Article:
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United Continental says removing Boeing 787 from flight plans

United Airlines 787 Dreamliner jets are seen parked on the tarmac at George Bush Intercontinental Airport in Houston, Texas January 17, 2013
United Airlines 787 Dreamliner jets are seen parked on the tarmac at George Bush Intercontinental Airport in Houston, Texas January 17, 2013

(Reuters) - United Continental Holdings said on Thursday it was taking Boeing Co's grounded 787 Dreamliner out of its flying plans through June 5, except for a Denver-to-Tokyo route scheduled for a tentative launch in May.

United's decision came as a Japanese investigation of a fuel leak on a Dreamliner operated by Japan Airlines Co Ltd (JAL) <9201.T> indicated the cause to be a coating around the mechanism that controls fuel movement between tanks.

Japanese officials launched the investigation after two fuel leaks on the JAL 787, just days before authorities around the world grounded the new lightweight passenger jets over battery failures that sparked fires on two planes in January.

Japanese authorities still have not found the cause of the battery issue.

Airlines operating 787s are setting schedules for coming months while still uncertain about when the plane will be able to resume service following the fleet's grounding five weeks ago.

Boeing is due to meet with the head of the U.S. Federal Aviation Administration on Friday to present measures designed to prevent further battery failures, a source told Reuters, even though the root cause of the electrical problem has not been determined.

United spokeswoman Christen David said in a statement on Thursday that the carrier's Denver to Tokyo Narita International route, originally set to start March 31, had been postponed to May 12.

The launch would ultimately depend on a successful resolution of the safety incidents that have grounded the 787. Other service with the 787 won't resume until after June 5, David said.

"We are taking the 787 out of our schedule through June 5, except for Denver-Narita, which will tentatively launch on May 12," United's statement said.

MAINTAINING DIALOGUE

Boeing said it was maintaining communication with United as the plane maker develops a plan to resume 787 service. "We deeply regret the impact the recent events have had on the schedule for United and their customers," Boeing spokesman Marc Birtel said in an emailed comment.

United's statement doesn't mean that the 787 won't be ready to fly again before June 5, said Carter Leake, an analyst at BB&T Capital Markets.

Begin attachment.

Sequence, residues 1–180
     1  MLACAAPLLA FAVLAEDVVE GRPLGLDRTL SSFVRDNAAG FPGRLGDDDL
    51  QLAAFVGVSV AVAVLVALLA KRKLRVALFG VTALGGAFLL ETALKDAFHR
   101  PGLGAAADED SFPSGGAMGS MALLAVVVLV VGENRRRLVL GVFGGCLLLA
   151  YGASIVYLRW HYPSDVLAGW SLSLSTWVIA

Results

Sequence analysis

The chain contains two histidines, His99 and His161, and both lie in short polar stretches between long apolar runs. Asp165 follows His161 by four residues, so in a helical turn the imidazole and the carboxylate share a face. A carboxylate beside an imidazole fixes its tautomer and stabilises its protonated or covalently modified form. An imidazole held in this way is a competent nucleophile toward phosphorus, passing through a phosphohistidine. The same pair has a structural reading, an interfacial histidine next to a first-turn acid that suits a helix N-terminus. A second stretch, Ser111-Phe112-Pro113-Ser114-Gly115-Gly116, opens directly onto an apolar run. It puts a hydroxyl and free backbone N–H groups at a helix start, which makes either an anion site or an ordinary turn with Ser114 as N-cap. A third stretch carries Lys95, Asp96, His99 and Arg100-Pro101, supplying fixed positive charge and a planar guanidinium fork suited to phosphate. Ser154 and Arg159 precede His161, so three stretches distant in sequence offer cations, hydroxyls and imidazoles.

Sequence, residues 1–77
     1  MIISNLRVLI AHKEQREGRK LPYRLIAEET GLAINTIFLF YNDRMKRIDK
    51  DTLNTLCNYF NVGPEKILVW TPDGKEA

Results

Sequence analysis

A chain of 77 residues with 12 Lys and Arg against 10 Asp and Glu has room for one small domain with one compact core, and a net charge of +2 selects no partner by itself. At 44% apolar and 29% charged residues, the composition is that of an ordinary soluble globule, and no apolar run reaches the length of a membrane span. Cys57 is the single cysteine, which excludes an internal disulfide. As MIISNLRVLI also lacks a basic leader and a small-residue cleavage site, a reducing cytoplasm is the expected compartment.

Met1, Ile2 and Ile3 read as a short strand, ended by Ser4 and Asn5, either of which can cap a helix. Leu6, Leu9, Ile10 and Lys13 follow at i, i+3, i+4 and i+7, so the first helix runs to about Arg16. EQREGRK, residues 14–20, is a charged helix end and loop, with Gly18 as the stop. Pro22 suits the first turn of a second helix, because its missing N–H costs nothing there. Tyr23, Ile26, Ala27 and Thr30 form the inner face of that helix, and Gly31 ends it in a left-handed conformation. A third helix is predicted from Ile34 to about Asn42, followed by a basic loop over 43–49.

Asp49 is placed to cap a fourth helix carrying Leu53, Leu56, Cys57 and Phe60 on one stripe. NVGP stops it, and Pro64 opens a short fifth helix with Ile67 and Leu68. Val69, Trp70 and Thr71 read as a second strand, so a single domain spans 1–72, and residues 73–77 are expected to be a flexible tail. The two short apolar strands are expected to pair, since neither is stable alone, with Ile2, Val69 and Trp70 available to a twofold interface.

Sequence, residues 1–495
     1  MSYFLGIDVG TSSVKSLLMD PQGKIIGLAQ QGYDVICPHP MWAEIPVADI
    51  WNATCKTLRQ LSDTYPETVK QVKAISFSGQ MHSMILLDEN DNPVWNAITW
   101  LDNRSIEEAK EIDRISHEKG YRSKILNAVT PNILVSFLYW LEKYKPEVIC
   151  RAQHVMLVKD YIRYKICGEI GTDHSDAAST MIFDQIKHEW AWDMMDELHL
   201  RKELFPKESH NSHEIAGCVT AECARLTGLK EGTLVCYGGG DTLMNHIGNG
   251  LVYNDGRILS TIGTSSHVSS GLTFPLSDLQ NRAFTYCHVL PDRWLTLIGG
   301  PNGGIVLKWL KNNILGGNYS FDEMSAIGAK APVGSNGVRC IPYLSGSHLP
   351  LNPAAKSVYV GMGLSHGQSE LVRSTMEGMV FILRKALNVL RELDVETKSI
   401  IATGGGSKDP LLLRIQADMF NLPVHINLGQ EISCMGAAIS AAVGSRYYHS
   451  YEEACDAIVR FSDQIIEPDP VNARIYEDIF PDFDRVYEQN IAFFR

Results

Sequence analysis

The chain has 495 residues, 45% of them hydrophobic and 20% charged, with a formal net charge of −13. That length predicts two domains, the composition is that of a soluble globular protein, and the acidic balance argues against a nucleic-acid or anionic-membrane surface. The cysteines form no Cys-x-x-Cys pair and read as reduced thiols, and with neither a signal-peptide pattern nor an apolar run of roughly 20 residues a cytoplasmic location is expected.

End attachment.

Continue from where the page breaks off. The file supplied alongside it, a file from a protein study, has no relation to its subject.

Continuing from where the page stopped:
Rather, it means United will not put the jet into service before then. If the plane is available sooner but United cannot use it on its scheduled routes, Boeing likely would have to pay United compensation that Leake estimates at about $800,000 a month, based on lease rates.

"This does not tell you that Boeing's plane is grounded until June," he said. "It tells you that Boeing's costs to United could be as if it's grounded until June."

A "superbox" to contain the battery or some other fix "might come sooner, but United is not paying" to have the jet until after June 5, he added.

In a similar move, Poland's national airline LOT said last week that it would not use the 787 before October and that it is seeking compensation from Boeing .

"Airlines don't make money while their planes are on the ground," said Morningstar airline analyst Basili Alukos.

United is the only U.S. carrier currently operating the 787 and has six of the planes, worth $207 million apiece at list prices. JAL and All Nippon Airways (ANA) <9202.T> have nearly half of the 50 jets delivered to airlines so far.

Japan's Transport Ministry said it believed the manufacturing process led to deficiencies in the way electrical-insulating coating was applied to the mechanism that opened and closed the fuel-tank valve.

Investigators also found foreign matter on a switch that operated the same mechanism, causing it to send a signal that the valve was closed when it was still half open -- leading to the leak.

The ministry said four Dreamliners in Japan, two from JAL and two from ANA, might be affected by the manufacturing process.

(Reporting by Karen Jacobs; Additional reporting by Alwyn Scott and James Topham; Editing by Bernard Orr and Stephen Coates)

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